I’m not crying for my parents. I’m crying for those who are going to lose their life in this war. We must stop the war. The war is not the answer. I beg all the viewers and listeners to do everything in their power to put pressure on everyone that is relevant to stop the war immediately… In our family, we are not seeking revenge. Revenge will just lead to more suffering. And to more casualties. And even though it’s the most horrible day—it was the most horrible loss of life in Israel since the foundation of the country—I’m afraid that the numbers can be much bigger... I’m afraid for the soldiers, for the civilians from both sides in Gaza and in Israel that will pay [with] their life. This is why I am crying.
Standing with Netanyahu is not standing with Israel. It’s standing with more violence, death, and tears.
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The Watch, Read, and Listen List
Asteroid City. Filmmaking is often about creating alternative realities, and few do that better than director Wes Anderson, a purveyor of weird and quirky films about weird and quirky characters and circumstances. Each of his flicks is a trip into the bizarre. In The Grand Budapest Hotel (2014), he cooked up something of a madcap action film set in Eastern Europe at the time of rising fascism. In The French Dispatch (2021), he placed a New Yorker–style magazine in a fictional French town in the 1970s to pay homage to a bygone era of literary journalism. With his latest feature, Asteroid City, I’m not sure what he was aiming it, but the journey is worth it.
Asteroid City is a movie within a play within a movie. It starts with a Rod Serling–like narrator (Bryan Cranston) telling us the story of noted playwright Conrad Earp (Ed Norton) creating a play called Asteroid City. This level of the narrative is in black and white and staged much as a play would be. Then once we see the story told in the play, everything switches to color, shades of The Wizard of Oz, and the plot is presented as a movie. Got that? And, oh, those colors. Anderson’s palette is that of a crisp cartoon. In fact, his depiction of the desert setting of Earp’s play resembles the cosmos of Roadrunner and Wile E. Coyote. (To make sure you don’t miss this, a roadrunner makes an early appearance.) Anderson’s films delight our visual senses. They can be watched for that alone. Two hours in his kaleidoscope of colors is a reminder of how films can transport us viscerally.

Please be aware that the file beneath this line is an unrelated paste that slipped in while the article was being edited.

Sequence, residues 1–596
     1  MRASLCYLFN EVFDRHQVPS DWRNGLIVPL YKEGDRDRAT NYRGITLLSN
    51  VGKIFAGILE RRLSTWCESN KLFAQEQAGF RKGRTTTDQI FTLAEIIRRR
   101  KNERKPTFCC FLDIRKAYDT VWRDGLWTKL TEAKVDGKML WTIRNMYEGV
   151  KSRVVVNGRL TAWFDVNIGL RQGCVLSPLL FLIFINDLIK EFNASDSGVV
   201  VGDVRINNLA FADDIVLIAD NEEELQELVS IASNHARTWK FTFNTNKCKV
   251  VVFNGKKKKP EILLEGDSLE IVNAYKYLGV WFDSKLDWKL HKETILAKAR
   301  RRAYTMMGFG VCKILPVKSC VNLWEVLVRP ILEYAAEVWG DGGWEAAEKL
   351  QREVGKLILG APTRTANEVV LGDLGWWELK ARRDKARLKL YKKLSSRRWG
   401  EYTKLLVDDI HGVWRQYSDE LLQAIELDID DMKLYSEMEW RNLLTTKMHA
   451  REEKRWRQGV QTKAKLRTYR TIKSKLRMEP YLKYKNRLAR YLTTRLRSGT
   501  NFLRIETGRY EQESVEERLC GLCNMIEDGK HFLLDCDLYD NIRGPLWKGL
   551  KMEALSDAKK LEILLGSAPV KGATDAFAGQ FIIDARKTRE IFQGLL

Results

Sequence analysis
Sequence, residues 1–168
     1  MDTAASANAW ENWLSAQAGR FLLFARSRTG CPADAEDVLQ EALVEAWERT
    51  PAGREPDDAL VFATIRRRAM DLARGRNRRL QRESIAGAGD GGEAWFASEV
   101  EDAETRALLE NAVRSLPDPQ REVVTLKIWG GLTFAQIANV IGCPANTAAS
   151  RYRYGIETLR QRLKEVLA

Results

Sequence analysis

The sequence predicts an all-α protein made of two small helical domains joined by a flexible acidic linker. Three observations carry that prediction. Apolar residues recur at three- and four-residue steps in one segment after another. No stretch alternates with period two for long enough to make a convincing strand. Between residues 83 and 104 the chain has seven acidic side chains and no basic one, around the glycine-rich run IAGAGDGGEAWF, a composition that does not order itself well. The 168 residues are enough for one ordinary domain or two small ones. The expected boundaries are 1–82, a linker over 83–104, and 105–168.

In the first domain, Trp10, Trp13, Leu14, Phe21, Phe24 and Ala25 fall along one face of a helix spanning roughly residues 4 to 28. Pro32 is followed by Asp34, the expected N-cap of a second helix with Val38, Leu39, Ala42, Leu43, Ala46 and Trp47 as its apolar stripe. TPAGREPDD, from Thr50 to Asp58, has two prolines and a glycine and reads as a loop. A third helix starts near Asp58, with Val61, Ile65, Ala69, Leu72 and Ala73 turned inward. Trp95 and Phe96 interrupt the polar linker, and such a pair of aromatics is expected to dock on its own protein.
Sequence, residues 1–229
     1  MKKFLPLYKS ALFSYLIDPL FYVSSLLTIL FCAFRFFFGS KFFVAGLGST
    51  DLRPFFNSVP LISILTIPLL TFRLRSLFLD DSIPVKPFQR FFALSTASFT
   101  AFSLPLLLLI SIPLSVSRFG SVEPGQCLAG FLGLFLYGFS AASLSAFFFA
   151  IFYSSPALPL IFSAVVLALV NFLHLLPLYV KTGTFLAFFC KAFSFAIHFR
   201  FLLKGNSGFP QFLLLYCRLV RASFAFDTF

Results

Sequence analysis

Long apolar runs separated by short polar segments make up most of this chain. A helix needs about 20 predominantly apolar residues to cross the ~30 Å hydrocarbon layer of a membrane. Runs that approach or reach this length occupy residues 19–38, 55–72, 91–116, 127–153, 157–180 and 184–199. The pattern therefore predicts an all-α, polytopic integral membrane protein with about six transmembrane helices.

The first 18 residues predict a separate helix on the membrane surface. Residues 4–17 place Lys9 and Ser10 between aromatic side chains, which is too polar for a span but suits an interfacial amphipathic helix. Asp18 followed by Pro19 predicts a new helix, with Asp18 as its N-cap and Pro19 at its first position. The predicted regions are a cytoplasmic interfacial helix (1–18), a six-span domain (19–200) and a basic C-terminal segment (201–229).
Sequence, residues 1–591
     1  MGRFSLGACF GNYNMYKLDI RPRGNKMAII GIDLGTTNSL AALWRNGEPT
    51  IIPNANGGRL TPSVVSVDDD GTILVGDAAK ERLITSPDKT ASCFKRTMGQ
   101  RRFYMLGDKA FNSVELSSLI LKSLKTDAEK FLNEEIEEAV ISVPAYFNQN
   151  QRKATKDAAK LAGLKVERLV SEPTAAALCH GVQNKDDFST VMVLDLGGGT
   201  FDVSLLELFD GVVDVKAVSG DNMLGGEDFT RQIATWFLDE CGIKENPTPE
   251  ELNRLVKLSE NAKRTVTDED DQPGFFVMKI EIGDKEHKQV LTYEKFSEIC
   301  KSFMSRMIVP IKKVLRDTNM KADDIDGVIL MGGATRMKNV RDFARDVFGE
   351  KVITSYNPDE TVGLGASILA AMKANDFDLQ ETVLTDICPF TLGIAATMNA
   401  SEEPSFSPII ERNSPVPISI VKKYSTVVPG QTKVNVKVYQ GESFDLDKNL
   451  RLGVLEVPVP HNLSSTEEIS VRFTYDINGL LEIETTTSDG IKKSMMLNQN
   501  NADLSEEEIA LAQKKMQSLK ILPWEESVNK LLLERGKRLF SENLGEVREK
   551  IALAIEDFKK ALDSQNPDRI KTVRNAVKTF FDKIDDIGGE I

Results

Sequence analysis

The plot? You want to know about the plot? It’s the 1950s. A convention for high school science nerds is being held at Asteroid City, a one-horse (if that) town in the middle of the American desert where a meteor once crashed and that’s close enough to an A-bomb test site for its inhabitants to spot the mushroom cloud in the distance. The Junior Stargazer gathering draws an assortment of eccentric characters to A.C. War photojournalist Augie Steenbeck (Jason Schwartzman) has brought his son Woodrow and his three young daughters. (His wife and their mother recently died, and he has yet to inform the kids.) Midge Campbell (Scarlett Johansson), a Marilyn Monroe–like actress, has arrived with her daughter Dinah. And there are other oddball parent-kid duos. Also in town is a busload of elementary school children and a cowboy band. The teens are there to receive awards for their science projects, which includes a jet pack, a ray gun, and a device that projects images on the moon. Overseeing the shindig is five-star General Grif Gibson (Jeffrey Wright).
All’s going well—the nerds are bonding, Augie and Midge are bonding—until a UFO arrives and an alien pilfers the town’s famous piece of asteroid. Despite Gen. Gibson’s best efforts to lockdown Asteroid City, word gets out and the visitation becomes national news. As this action proceeds in vibrant colors and exquisitely composed scenes—imagine Mondrian as a film director—the movie intermittently switches back to the Serlingesque narrator and the drama of staging Earp’s drama. Adrien Brody plays the director, Schubert Green, who is bringing Earp’s work to the stage, and, at one point, the actor who plays Augie tells Green he “doesn’t understand the play.”